Results tagged “Intelligent Design” from onegoodmove

Howard Stern - Evolution and Creationism

This is kind of hilarious. Like often happens on Youtube, I got to this video via the related links. I didn't expect Stern to be so vocal about this.

Richard Dawkins Demonstrates Laryngeal Nerve of the Giraffe

(tip to Pedantsareus)

Mr. Deity And The Equation

Kenneth Miller - Intelligent Design

Kenneth Miller compares advocates of intelligent design to welfare queens waiting for the government to give them a handout.

cdesign proponentsists

The missing link that sealed the case against "Intelligent Design." A clip from the Nova PBS program Judgment Day: Intelligent Design on Trial."

Quicktime Video 9.8 MB | Duration: 06'48
Quicktime 7 required
This file is available for download here.
Ctrl-Click and 'Download Linked File' (Mac)
or Rt-Click and 'Save Target As' (PC) the link above.

Intelligent Design on Trial

The problem with Intelligent Design is that it explains nothing. A clip from the Nova PBS program "Judgment Day: Intelligent Design on Trial"

Quicktime Video 1 MB | Duration: '38
Quicktime 7 required
This file is available for download here.
Ctrl-Click and 'Download Linked File' (Mac)
or Rt-Click and 'Save Target As' (PC) the link above.

Links With Your Coffee - Monday

Avoid waiting for your comments to be approved register using TypeKey

A Pair Of Limericks For a Six-Pack Of Generals thanks Mad

'When it comes to facts, and explanations of facts, science is the only game in town'

"That's one of my favourite phrases in the book," says Daniel Dennett, his huge bearded frame snapping out of postprandial languor at the thought of it: "If you have to hoodwink your children to ensure that they confirm their faith when they are adults, your faith ought to go extinct." The 64-year-old Tufts University professor is amiable of aspect, but the reception he has had while in Britain promoting his new book, Breaking the Spell: religion as a natural phenomenon, has not been uniformly friendly. His development of the theory that religion has developed as an evolutionary "meme", a cultural replicator which may or may not have a benign effect on those who transmit it, has drawn attacks, not least in these pages, where John Gray accused him of "a relentless, simple-minded cleverness that precludes anything like profundity".

But Dennett has allies. In recent times he and other non- believers - what one might call a movement of "the New God-less" - have been girding their loins to do battle with the forces of increasingly intolerant and aggressive religions. If anyone doubts the need for combat, evidence is provided by the foothold gained in public discourse by "intelligent design", a dressed-up version of creationism hardly heard of a couple of years ago.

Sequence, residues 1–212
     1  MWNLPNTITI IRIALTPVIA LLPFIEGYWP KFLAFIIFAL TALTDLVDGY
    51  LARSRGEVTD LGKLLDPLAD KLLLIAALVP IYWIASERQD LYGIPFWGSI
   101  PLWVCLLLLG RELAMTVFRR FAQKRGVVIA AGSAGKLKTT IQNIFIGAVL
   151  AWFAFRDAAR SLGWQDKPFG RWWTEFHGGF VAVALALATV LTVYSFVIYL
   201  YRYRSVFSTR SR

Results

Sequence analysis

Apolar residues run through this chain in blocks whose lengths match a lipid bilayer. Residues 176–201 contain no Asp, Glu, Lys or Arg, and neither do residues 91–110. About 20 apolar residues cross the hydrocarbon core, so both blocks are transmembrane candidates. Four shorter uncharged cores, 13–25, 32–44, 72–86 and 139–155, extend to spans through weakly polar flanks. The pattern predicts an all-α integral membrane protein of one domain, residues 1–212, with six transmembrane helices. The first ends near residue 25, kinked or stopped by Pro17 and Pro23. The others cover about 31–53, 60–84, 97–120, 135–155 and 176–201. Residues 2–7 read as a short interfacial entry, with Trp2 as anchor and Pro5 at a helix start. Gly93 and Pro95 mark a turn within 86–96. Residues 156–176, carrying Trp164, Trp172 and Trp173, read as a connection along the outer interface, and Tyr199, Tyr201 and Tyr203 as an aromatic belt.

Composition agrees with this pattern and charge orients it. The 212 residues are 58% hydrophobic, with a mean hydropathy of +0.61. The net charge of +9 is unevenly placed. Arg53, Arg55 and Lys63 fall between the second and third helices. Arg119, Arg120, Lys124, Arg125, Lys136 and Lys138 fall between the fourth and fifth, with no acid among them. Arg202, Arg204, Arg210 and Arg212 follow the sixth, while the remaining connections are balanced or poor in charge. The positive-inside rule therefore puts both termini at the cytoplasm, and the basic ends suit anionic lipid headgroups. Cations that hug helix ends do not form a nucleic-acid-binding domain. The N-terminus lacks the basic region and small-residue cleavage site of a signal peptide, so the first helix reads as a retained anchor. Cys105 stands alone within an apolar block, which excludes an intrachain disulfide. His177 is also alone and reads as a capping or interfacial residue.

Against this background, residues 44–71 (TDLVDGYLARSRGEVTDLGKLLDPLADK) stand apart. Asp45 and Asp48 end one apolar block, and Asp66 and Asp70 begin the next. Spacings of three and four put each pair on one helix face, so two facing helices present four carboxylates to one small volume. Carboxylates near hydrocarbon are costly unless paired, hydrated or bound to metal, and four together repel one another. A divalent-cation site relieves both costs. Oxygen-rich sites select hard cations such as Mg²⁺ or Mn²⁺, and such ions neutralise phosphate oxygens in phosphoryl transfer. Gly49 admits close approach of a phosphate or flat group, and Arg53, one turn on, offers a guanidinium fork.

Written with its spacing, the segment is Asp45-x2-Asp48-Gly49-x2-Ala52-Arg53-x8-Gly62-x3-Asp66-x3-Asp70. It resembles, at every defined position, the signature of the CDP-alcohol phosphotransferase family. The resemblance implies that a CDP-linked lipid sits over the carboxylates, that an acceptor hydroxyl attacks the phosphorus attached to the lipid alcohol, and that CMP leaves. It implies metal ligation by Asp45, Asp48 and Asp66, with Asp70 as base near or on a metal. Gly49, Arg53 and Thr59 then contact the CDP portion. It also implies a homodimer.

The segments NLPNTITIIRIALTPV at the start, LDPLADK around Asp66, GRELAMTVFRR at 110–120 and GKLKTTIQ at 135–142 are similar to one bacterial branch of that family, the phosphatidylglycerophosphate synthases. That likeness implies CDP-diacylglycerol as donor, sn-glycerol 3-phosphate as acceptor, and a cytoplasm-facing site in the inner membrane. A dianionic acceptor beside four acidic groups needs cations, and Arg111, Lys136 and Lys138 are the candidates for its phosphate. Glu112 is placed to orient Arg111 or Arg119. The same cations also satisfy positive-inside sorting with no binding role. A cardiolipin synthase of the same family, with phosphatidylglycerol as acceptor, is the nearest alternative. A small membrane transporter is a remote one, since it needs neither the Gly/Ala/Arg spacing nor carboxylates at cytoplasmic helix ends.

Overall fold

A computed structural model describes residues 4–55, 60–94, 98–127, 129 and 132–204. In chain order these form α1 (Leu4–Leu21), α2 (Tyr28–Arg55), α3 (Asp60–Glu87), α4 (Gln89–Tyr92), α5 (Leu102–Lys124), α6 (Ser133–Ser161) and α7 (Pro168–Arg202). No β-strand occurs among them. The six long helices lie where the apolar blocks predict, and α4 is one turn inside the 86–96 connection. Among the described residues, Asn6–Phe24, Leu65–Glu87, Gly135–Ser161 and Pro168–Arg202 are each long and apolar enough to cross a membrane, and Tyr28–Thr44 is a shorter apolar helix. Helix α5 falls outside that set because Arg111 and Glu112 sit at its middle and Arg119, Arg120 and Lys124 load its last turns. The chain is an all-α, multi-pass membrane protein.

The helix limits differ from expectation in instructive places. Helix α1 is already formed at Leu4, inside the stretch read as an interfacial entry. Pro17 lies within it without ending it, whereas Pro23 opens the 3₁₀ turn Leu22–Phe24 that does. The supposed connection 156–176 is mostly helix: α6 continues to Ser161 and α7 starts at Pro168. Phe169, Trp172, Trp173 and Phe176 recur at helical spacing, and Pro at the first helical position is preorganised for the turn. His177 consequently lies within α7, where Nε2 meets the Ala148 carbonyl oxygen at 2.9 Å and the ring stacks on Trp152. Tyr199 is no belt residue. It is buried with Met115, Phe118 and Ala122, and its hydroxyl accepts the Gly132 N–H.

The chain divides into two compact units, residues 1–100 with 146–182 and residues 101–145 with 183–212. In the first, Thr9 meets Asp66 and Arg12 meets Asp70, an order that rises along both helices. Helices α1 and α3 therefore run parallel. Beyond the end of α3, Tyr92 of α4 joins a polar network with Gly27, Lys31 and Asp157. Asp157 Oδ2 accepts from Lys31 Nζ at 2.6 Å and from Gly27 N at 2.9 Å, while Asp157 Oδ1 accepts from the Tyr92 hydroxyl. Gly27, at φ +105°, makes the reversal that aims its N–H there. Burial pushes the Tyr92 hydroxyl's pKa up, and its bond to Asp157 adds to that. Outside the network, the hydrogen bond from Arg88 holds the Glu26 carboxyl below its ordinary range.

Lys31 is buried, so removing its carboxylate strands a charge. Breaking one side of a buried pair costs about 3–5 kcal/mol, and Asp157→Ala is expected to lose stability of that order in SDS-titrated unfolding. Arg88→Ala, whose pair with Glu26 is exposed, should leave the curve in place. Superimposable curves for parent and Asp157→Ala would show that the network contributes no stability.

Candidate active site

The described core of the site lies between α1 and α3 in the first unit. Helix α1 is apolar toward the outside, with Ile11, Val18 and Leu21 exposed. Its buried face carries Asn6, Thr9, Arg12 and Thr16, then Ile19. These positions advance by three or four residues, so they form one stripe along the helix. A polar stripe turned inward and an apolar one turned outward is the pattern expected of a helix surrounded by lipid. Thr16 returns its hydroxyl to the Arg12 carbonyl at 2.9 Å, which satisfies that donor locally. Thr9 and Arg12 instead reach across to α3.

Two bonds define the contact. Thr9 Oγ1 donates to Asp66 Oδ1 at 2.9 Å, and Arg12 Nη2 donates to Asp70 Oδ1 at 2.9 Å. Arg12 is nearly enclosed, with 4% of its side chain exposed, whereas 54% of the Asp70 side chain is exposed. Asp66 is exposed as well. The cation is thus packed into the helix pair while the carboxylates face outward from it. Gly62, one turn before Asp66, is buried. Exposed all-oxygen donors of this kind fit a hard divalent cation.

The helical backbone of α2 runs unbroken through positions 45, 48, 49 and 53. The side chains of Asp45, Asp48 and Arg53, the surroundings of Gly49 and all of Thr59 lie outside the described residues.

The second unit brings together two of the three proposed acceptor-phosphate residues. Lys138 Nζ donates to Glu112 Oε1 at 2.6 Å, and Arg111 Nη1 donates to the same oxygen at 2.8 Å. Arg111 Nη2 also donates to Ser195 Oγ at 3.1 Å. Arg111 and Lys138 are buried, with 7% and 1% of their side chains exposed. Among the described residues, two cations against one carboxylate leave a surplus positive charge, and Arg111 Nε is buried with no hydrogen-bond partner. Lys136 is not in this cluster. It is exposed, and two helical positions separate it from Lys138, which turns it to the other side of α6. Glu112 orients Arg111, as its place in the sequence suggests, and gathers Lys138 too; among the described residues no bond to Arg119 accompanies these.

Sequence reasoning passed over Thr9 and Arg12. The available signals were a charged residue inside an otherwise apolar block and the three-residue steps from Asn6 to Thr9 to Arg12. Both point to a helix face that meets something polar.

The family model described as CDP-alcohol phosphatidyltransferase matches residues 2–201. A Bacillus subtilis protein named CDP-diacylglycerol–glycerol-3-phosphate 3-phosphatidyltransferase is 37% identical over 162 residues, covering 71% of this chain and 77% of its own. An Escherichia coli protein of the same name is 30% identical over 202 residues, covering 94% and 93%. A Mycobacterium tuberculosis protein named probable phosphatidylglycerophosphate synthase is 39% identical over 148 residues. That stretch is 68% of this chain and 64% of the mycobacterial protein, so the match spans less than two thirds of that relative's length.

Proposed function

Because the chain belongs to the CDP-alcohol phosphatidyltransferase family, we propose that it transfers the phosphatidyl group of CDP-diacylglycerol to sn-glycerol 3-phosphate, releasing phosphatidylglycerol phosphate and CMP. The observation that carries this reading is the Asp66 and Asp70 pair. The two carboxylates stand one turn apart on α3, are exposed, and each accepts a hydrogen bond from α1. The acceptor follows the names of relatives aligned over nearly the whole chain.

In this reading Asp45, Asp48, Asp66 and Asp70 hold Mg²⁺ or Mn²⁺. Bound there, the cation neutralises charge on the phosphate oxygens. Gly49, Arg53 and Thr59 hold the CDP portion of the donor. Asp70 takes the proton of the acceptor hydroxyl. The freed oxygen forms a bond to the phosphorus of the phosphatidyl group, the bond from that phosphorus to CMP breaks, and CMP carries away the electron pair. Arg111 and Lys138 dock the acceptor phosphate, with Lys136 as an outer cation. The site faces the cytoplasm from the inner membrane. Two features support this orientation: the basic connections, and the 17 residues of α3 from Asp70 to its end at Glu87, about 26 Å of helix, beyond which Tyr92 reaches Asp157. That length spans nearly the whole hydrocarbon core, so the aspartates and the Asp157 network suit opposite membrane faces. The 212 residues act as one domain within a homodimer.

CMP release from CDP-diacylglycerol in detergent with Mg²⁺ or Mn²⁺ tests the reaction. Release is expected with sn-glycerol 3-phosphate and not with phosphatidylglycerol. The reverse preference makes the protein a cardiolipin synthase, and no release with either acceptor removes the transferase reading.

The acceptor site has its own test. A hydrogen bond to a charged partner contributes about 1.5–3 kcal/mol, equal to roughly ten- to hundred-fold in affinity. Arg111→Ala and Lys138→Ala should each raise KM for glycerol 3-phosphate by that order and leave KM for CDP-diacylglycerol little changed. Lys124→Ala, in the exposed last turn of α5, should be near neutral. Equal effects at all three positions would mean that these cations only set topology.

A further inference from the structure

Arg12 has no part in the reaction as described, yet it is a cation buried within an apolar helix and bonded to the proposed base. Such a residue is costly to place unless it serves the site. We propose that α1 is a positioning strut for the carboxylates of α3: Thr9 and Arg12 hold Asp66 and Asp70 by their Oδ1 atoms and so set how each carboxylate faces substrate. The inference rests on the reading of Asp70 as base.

Neighbours: What's The Beef?

I'm not sure why I'm linking to this. Perhaps it's because it affirms the long term benefits of cooperation using the Prisoner's Dilemma. It could also be the introduction of Old Testament prophecies being fullfilled that pulled me along. The cultural reference to Bart Simpson, yes that too. It is just a well written piece on the going-ons in the neighborhood, not my neighborhood mind you, but not one so different from mine.

Theocons and Theocrats

2 Registered Sex Offenders Killed in Maine

We Won

Judge Rules Against Pa. Biology Curriculum
"Intelligent design" cannot be mentioned in biology classes in a Pennsylvania public school district, a federal judge said Tuesday, ruling in one of the biggest courtroom clashes on evolution since the 1925 Scopes trial.

Dover Area School Board members violated the Constitution when they ordered that its biology curriculum include the notion that life on Earth was produced by an unidentified intelligent cause, U.S. District Judge John E. Jones III said. Several members repeatedly lied to cover their motives, he said.
"We find that the secular purposes claimed by the Board amount to a pretext for the Board's real purpose, which was to promote religion in the public school classroom," he wrote in his 139-page opinion.

Said the judge: "It is ironic that several of these individuals, who so staunchly and proudly touted their religious convictions in public, would time and again lie to cover their tracks and disguise the real purpose behind the ID Policy."

My God Problem

This makes a point I've been trying to make for a long time and does it well. Scientists have no problem calling the nuts to account when they attack evolution. So why do they have a problem saying there is not evidence for virgin birth or resurrection of the dead. Is there some evidence someone is hiding that supports such super-natural claims. The answer is no, just like there is no evidence for Creationism or the substitute ID.

My God Problem by Natalie Angier
The following article is from Free Inquiry magazine, Volume 24, Number 5. In the course of reporting a book on the scientific canon and pestering hundreds of researchers at the nation's great universities about what they see as the essential vitamins and minerals of literacy in their particular disciplines, I have been hammered into a kind of twinkle-eyed cartoon coma by one recurring message. Whether they are biologists, geologists, physicists, chemists, astronomers, or engineers, virtually all my sources topped their list of what they wish people understood about science with a plug for Darwin's dandy idea. Would you please tell the public, they implored, that evolution is for real? Would you please explain that the evidence for it is overwhelming and that an appreciation of evolution serves as the bedrock of our understanding of all life on this planet?